I also presented a session at NACRA in Tempe, AZ on October 11th. This one was with Rebecca Wilson-Mah, the Associate Editor for our about-to-be-announced Tourism & Hospitality track. Rebecca has designed a model of case analysis using conceptual maps, which we then combined with a method of evaluation of student conceptual maps. We were pleased to use one of IJIC's cases, "Strategic Leadership in the Entrepreneurial Firm: The Case of the Lululemon Group" (thanks to authors Arthur Kearney and Denis Harrington) in the workshop. We're glad to share the slides of "Student Case Analysis with Concept Map: Assessment Processes" as well as "The Case Iceberg" slides with anyone who requests them. Just drop me an email and I'll send them out to you.

Our new specialist tracks reflect the fastest-growing disciplines with the greatest employment opportunities post-graduation, and cases in these areas provide excellent teaching and learning moments for you and your students. The students you are teaching today will be the cases you will write about tomorrow!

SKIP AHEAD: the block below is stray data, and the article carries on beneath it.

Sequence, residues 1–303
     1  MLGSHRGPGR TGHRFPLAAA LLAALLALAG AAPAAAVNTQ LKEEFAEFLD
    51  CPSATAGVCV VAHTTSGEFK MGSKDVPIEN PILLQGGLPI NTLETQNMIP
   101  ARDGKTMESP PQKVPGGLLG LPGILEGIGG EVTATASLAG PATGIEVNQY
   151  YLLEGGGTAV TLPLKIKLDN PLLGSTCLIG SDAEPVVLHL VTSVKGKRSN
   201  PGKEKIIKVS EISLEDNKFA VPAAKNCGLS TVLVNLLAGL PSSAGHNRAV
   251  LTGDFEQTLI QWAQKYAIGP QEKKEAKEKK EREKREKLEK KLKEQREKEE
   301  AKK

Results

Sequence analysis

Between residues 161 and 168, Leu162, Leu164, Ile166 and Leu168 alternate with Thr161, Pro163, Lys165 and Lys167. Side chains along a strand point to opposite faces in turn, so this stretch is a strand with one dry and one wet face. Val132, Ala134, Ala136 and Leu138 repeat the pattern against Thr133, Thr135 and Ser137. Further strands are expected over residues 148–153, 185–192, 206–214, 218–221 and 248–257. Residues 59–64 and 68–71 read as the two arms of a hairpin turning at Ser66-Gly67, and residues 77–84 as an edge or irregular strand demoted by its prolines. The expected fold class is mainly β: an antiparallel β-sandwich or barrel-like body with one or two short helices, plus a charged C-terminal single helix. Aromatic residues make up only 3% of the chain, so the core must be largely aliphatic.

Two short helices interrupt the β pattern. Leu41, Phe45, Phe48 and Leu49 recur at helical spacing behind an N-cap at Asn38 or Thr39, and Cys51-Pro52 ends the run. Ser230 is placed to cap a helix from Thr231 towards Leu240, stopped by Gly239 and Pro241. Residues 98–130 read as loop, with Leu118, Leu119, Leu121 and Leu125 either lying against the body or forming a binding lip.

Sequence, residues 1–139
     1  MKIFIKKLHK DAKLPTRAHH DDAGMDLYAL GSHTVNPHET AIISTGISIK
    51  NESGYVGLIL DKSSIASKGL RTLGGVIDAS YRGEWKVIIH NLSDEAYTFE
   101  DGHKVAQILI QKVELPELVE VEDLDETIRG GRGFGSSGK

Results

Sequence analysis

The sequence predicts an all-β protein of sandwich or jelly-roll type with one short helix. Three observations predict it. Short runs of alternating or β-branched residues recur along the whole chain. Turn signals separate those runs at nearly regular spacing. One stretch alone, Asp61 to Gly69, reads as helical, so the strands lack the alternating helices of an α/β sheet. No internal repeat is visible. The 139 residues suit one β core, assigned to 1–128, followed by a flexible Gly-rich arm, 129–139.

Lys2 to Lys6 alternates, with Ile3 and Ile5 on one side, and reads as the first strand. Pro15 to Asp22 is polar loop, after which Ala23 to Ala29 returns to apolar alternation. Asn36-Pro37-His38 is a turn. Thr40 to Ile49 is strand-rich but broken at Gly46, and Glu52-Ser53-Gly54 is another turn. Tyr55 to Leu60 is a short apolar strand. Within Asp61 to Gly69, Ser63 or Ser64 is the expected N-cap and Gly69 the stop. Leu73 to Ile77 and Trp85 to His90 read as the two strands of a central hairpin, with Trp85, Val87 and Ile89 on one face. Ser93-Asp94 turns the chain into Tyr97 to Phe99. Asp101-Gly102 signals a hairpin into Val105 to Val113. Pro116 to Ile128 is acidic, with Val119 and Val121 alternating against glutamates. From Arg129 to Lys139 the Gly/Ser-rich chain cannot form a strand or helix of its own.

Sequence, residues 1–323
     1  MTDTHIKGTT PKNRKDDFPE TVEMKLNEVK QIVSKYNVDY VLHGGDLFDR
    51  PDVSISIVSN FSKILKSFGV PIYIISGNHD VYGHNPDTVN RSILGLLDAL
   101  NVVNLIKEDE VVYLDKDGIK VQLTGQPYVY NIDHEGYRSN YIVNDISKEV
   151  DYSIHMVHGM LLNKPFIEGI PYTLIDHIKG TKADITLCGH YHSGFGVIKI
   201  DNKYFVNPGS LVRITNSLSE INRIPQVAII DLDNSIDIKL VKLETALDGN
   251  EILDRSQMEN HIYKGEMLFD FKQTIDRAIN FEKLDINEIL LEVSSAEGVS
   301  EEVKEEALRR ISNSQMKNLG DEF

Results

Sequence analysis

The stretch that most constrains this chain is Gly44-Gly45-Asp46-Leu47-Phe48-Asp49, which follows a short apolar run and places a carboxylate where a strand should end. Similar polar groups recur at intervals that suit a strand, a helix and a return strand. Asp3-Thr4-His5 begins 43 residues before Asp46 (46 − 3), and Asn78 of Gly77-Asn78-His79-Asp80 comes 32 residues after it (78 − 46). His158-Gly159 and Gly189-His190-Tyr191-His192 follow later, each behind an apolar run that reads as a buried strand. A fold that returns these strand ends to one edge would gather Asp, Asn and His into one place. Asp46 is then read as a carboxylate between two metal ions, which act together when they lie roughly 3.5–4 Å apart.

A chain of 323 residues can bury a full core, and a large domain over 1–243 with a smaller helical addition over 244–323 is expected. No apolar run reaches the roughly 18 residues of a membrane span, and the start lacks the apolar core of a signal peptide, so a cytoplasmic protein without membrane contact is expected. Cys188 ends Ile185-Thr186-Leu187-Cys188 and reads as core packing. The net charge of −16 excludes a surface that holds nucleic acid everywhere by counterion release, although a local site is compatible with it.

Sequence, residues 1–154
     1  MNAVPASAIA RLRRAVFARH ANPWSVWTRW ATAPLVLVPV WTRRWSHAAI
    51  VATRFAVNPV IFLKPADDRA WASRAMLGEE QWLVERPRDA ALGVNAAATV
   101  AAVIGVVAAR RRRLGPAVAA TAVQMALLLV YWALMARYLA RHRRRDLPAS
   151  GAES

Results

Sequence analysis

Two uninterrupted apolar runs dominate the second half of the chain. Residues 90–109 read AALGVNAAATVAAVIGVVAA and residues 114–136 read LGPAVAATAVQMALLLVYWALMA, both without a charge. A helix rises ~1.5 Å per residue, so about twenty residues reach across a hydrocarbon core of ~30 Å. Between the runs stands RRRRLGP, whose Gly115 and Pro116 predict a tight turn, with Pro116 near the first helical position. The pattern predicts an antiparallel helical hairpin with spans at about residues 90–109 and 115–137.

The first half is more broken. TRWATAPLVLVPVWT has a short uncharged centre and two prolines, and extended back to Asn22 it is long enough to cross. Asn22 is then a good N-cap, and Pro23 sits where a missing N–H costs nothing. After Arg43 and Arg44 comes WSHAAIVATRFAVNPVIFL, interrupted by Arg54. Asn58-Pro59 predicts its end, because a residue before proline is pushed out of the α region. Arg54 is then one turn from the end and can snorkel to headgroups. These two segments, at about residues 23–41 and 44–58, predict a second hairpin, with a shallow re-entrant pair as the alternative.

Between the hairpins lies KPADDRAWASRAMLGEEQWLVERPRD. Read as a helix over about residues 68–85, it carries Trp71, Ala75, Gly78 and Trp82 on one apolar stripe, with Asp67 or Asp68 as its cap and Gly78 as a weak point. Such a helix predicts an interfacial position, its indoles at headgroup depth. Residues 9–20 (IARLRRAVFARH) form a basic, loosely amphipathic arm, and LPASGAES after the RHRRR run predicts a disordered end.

IJIC announce new partnership with PMI

The International Journal of Instructional Cases (IJIC) and Project Management Institute (PMI) are pleased to announce a new development in their existing partnership to meet the lack of a professional publication outlet for concise teaching cases in project management for academic and professional use.

Both organizations will collaborate to establish a track within IJIC dedicated to concise teaching cases in project management (including operations, logistics, supply chain management, and other related subcategories). The journal will also set up a dedicated mini-site on the IJIC website that will be devoted to project management and tackle the challenges in sharing knowledge and experience between academic experts in project management and Project Managers themselves.